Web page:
Thursday, October 22, 2009

The Supreme Court on the DWI Exception to the Constitution

The Supreme Court decided not to hear an appeal on a drunk driving case that was dismissed. Virginia's highest court threw out the conviction in Harris v. Commonwealth (a pdf file). It found that the stop was unconstitutional - based only on an anonymous tip.

Chief Justice Roberts (and Justice Scalia) felt the Court should have reviewed the case. Below are some excerpts of Roberts' opinion). His writing is in italics and mine is in plain text. Citations are generally omitted.

[T]he Virginia Supreme Court overturned the conviction. It concluded that because the officer had failed to independently verify that Harris was driving dangerously, the stop violated the Fourth Amendment’s prohibition on unreasonable searches and seizures.

I am not sure that the Fourth Amendment requires such independent corroboration before the police can act, at least in the special context of anonymous tips reporting drunk driving.


The "special context" is troubling. It fits with criticism I've read in the past of a DUI exception to the Constitution (usually credited to California DUI lawyer Lawrence Taylor), as well as similar concerns about a "drug war" exception for drug cases.

In Florida v. J. L. ... we explained that anonymous tips, in the absence of additional corroboration, typically lack the “indicia of reliability” needed to justify a stop under the reasonable suspicion standard. ... But it is not clear that J. L. applies to anonymous tips reporting drunk or erratic driving. J. L. itself suggested that the Fourth Amendment analysis might be different in other situations.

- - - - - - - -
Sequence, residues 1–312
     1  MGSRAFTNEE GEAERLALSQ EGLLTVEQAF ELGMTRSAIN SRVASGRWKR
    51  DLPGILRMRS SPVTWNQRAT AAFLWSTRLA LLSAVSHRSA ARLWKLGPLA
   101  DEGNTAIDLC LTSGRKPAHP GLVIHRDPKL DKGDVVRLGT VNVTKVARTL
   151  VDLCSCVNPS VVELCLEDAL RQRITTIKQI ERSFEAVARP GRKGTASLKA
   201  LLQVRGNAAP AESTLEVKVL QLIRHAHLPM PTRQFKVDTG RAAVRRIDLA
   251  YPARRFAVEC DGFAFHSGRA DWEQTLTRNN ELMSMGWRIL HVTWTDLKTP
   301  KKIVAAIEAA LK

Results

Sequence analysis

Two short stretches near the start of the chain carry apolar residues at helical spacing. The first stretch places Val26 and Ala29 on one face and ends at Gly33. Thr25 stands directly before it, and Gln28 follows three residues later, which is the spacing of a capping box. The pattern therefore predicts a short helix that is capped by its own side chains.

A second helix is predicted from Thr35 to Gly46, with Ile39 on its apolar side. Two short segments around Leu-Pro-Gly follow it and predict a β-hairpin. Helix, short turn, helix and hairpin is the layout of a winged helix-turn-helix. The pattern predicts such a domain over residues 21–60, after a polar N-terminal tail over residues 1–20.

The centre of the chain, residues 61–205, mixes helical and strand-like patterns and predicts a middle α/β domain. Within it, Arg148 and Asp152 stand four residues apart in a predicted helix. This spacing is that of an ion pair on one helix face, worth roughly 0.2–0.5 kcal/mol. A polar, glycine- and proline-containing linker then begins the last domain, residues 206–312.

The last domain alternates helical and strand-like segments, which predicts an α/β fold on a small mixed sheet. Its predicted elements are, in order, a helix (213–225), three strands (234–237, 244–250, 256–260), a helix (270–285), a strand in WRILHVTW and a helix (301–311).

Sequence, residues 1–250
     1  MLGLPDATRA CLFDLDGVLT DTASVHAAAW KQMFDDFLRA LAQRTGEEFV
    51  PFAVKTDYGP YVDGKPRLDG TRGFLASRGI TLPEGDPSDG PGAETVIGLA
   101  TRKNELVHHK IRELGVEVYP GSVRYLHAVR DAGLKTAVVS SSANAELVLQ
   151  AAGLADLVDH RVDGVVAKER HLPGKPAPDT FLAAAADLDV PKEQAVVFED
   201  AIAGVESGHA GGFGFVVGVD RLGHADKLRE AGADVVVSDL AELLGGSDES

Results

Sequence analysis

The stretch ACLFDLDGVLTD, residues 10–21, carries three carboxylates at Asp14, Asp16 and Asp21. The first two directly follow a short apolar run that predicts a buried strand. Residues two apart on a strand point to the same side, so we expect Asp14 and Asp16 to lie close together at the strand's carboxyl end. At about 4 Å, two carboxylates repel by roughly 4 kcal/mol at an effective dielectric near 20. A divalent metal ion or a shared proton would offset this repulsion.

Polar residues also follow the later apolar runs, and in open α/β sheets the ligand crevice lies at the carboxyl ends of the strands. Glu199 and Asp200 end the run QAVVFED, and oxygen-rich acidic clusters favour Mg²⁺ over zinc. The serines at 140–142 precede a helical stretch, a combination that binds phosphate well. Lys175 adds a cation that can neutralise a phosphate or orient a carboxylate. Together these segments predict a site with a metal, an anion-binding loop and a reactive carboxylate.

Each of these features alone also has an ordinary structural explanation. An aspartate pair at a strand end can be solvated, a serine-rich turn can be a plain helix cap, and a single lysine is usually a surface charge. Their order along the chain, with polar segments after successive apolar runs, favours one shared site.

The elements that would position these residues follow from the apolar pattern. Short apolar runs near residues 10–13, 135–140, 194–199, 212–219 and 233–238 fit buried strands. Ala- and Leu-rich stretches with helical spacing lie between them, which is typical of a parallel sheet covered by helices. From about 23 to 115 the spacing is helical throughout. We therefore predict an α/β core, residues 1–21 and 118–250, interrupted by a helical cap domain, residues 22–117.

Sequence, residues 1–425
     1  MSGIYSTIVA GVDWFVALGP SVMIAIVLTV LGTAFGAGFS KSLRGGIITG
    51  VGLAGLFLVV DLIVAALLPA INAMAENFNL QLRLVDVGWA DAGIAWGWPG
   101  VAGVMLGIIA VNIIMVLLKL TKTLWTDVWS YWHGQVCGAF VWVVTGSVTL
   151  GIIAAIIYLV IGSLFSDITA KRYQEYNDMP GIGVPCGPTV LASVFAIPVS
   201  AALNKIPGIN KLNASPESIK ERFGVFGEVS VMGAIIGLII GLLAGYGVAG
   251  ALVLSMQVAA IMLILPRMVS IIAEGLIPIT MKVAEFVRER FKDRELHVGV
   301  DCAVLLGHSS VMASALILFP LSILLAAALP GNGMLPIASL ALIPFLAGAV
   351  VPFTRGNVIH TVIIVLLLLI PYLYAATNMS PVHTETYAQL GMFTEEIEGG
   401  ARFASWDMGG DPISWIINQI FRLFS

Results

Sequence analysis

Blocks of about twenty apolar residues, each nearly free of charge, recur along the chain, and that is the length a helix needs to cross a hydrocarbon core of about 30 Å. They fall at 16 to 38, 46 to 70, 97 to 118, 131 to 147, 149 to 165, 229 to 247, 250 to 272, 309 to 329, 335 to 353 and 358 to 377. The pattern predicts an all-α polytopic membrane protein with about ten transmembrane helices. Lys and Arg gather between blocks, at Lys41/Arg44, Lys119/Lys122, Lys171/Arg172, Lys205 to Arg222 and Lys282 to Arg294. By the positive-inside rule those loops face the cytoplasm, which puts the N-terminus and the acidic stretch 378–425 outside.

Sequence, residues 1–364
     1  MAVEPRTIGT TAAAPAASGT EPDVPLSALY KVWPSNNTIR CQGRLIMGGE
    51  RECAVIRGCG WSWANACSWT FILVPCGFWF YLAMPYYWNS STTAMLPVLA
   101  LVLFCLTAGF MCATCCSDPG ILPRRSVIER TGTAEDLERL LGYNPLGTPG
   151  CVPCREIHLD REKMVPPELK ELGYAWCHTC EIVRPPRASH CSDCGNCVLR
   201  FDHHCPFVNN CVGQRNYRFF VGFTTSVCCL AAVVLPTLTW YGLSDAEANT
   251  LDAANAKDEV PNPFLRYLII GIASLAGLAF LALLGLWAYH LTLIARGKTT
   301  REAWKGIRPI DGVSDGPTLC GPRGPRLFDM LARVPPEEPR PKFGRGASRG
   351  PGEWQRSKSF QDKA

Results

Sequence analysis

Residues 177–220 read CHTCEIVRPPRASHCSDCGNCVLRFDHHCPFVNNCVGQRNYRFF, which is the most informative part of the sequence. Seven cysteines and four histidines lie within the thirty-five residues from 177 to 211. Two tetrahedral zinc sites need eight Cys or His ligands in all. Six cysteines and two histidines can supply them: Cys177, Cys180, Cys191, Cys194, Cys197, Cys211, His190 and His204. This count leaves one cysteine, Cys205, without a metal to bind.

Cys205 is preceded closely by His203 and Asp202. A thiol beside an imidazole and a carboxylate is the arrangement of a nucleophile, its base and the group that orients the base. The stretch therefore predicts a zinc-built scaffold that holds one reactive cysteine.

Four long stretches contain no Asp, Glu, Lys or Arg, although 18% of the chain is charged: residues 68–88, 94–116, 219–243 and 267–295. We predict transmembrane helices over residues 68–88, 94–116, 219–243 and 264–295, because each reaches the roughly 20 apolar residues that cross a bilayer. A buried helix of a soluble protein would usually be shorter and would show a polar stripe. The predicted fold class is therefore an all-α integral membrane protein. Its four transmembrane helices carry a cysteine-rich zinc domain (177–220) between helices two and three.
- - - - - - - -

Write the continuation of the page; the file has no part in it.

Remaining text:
There is no question that drunk driving is a serious and potentially deadly crime, as our cases have repeatedly emphasized. ... The imminence of the danger posed by drunk drivers exceeds that at issue in other types of cases.


With all due respect to Chief Justice Roberts and Justice Scalia, this argument is just plain rubbish. I'd buy the argument if there was a tip about a terrorist with a nuclear weapon in his car, but taking it to the level of drunk drivers is going way too far.

Roberts' concern about the danger of the drunk driver was resolved in this case - the driver was stopped and taken off the road that night. Once they were in Court, the imminent danger was gone.

Perhaps a more moderate step here would be for Congress to legislate civil immunity for police making stops of suspected drunk drivers. Of course, that would prevent innocent people from suing to enforce their own constitutional rights. But it appears Roberts and Scalia don't care about that.

The conflict is clear and the stakes are high. The effect of the rule below will be to grant drunk drivers “one free swerve” before they can legally be pulled over by police. It will be difficult for an officer to explain to the family of a motorist killed by that swerve that the police had a tip that the driver of the other car was drunk, but that they were powerless to pull him over, even for a quick check.

Nice emotional touch. I'm waiting for the day when Roberts and Scalia explain their rules to the families of innocent defendants abused by cops and prosecutors.

Courts sometimes have to balance competing interests. Roberts and Scalia apparently feel that protecting the public from drunk drivers is more important than protecting people from police abuse. But the language of the Fourth Amendment is clear. It doesn't mention any exceptions, not even for the perceived terrorists - Indians and British loyalists - of that period in our history. Conservatives are supposed to let legislatures do the balancing. So much for Scalia supporting the text of the Constitution.

Drunk driving is a real problem. Eviscerating the Constitution is not the best solution. I've proposed other ideas in the past on my Stop Wasting Money blog. Mass transit is my favorite, but there's more.

To see the opinion, also in pdf: Virginia v. Harris
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